The dimmer electronics must match the control signal being used. Several manufacturers make dimmers which can receive either multiplex or analog signals. This allows a facility to begin with analog two-scene control and later expand to hands-on or full memory, without any alteration or replacement of the dimmers. The analog board may still be used as backup to the memory system.
In addition to dimmer pack(s) and a control console, a complete system requires power cables, control cables, cables to connect the lighting fixtures to the dimmers, and in most cases a method for patching.
To patch is to assign lighting instruments to specific dimmers. Often, individual lights are "ganged" together with 2-fers
(see pg. 81), then the load cables from the instruments
are plugged directly into the output receptacles of the specified dimmers. When the number of circuits (cable or wiring from
the lighting instruments to the dimmer) is much greater than
the number of dimmers, a patching system is needed to assign the circuits to dimmers.
DPC (dimmer per circuit) systems with softpatch (electronic patching of dimmers to control channels) are usually less expensive and more reliable than high voltage or mechanical patching. Dimmer packs and memory boards with soft patching, described in this section, may be used as DPC systems in small theatres or for portable use.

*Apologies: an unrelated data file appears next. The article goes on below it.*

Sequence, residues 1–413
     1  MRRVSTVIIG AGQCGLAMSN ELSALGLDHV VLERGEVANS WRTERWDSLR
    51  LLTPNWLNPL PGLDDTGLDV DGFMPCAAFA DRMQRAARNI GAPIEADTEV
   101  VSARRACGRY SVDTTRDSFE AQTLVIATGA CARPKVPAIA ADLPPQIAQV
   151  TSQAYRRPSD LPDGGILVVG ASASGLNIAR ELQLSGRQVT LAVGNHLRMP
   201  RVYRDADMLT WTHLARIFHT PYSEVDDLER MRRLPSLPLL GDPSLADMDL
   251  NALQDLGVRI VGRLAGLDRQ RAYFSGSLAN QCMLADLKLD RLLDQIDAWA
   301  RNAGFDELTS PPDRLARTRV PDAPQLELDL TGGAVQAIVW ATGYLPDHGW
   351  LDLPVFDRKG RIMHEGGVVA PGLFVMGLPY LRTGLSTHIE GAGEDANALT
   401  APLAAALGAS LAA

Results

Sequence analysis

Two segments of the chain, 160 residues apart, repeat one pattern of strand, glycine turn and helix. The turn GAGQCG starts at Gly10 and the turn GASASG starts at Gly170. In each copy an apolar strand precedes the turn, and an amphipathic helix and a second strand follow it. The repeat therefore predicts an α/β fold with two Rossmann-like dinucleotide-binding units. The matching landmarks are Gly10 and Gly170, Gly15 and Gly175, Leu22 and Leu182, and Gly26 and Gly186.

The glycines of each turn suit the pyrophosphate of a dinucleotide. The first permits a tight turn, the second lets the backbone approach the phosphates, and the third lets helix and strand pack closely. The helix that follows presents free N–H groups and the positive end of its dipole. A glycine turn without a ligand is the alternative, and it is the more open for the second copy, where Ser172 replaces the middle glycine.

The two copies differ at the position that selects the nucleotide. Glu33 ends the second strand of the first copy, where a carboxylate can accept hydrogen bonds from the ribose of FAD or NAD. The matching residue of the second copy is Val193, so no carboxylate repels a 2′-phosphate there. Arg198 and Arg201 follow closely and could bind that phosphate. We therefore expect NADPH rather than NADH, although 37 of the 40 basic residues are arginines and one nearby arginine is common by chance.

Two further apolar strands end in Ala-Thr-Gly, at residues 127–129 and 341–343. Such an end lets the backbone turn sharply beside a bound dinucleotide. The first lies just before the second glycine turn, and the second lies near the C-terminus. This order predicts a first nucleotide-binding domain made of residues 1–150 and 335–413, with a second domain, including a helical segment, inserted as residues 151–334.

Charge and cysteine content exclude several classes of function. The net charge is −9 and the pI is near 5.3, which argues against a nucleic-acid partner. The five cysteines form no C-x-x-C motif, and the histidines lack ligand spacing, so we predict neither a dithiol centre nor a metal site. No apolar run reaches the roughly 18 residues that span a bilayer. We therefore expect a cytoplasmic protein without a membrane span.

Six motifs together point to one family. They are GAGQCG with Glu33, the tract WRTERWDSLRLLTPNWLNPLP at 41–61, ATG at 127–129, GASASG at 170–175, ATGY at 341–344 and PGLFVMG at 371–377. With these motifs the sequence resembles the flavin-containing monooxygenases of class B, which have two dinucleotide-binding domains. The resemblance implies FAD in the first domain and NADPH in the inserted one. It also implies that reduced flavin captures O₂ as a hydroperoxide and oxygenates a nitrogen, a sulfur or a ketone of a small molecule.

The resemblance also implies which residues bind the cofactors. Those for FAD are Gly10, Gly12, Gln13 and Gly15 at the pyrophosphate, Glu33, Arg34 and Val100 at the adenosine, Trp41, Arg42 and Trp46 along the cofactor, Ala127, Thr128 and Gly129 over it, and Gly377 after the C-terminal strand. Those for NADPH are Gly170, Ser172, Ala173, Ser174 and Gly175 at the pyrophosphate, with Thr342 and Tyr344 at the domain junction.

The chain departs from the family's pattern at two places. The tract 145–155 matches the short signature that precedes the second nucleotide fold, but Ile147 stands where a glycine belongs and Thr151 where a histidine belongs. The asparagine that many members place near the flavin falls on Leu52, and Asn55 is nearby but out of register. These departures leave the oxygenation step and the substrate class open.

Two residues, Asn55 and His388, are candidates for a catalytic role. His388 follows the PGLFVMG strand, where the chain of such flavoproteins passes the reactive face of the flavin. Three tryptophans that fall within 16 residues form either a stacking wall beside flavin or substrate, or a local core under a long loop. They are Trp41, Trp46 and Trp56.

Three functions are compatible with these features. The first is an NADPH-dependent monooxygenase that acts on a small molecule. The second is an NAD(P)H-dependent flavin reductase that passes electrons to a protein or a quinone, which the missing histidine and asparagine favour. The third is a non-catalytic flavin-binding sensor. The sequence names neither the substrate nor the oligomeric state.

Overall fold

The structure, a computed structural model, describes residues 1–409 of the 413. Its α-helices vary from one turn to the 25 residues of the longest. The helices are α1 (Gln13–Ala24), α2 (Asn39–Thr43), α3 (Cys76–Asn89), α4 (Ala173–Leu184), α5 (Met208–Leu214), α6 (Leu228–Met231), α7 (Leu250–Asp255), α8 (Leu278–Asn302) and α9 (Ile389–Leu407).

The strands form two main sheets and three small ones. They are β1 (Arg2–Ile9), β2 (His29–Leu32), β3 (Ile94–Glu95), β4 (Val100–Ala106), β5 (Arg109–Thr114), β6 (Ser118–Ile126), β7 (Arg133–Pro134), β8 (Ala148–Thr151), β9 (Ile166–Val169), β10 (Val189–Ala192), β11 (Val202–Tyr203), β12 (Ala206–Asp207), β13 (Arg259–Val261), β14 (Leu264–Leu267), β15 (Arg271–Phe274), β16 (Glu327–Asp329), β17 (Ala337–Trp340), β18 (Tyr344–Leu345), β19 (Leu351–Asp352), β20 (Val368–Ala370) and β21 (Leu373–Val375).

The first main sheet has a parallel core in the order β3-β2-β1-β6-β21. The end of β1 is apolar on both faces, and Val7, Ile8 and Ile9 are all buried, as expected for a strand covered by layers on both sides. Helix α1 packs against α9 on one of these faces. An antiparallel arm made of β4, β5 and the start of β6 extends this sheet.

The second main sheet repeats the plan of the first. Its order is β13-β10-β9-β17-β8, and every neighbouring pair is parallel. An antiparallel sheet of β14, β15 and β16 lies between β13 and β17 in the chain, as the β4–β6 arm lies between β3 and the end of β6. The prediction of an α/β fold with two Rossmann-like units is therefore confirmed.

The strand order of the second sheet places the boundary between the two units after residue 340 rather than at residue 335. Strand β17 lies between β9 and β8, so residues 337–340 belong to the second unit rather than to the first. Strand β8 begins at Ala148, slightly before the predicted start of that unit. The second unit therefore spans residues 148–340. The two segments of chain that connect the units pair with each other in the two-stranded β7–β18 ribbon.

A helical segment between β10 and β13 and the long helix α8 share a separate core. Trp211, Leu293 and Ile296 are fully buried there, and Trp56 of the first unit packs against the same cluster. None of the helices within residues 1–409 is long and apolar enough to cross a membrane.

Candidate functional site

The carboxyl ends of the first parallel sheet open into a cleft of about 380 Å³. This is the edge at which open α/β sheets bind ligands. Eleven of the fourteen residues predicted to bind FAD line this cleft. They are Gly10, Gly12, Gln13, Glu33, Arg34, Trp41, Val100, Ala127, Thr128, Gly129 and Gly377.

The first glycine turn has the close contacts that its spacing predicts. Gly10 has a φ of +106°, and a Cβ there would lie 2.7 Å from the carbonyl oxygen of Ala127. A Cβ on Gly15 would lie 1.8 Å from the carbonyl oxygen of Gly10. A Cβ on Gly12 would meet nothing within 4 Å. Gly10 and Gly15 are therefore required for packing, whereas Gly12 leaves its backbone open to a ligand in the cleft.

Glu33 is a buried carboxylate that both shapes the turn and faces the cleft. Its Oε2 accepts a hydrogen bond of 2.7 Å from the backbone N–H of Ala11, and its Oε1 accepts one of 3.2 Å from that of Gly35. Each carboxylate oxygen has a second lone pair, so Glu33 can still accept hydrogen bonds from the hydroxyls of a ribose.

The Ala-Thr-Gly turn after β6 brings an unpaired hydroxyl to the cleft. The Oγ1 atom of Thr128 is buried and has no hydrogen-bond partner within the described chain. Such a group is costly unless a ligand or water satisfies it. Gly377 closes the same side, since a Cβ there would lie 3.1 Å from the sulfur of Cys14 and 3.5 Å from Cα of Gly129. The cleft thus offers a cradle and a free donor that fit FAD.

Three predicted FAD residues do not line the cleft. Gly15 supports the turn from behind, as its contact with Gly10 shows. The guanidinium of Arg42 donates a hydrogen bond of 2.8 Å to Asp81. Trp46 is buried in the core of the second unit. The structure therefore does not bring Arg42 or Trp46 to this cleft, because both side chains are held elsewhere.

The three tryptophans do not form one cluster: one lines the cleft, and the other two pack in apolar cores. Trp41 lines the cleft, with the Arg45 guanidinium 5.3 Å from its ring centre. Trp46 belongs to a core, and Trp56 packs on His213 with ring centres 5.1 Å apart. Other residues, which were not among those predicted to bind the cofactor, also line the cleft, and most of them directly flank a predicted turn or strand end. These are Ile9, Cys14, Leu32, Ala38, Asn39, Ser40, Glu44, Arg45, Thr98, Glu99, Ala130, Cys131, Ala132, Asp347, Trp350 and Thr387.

When buying a system, select a control board with the total number of channels you plan to have in the system when it is complete. Dimmer packs may be added as funds permit. Note control cable requirements. Be sure the control signal is compatible with the dimmer pack. Power cable and connectors must be ordered on a custom basis.
Large Control Systems
High density dimmers have made it possible to put nearly 200 dimmers, each rated at 2.4kW, in about the same space a dozen required 20 years ago. As dimmer size and prices have decreased, dimmer per circuit (DPC) systems have become popular. PNTA technicians are trained to assist in evaluating the "high end" equipment, budgeting, planning for new installations, writing specification bids, and interfacing/servicing equipment once installed. Contact PNTA's Quotations Department for further information.
Distribution equipment is used to get electricity from the dimmers to the lighting fixtures. In its simplest form portable extension cables are used. In many facilities, however, distribution involves wiring which passes through some type of patching device, and from there, or from a dimmer-per-circuit rack, through conduit to terminate in plugging devices such as connector strips, floor pockets, and plugging boxes. Plugging and patching equipment manufactured by EDI, Union Connector, Altman, Colortran, and SSRC is available through PNTA. Contact our Custom Sales Department at (800) 622-7850 ext 104 for pricing estimates, recommendations, and detailed specifications.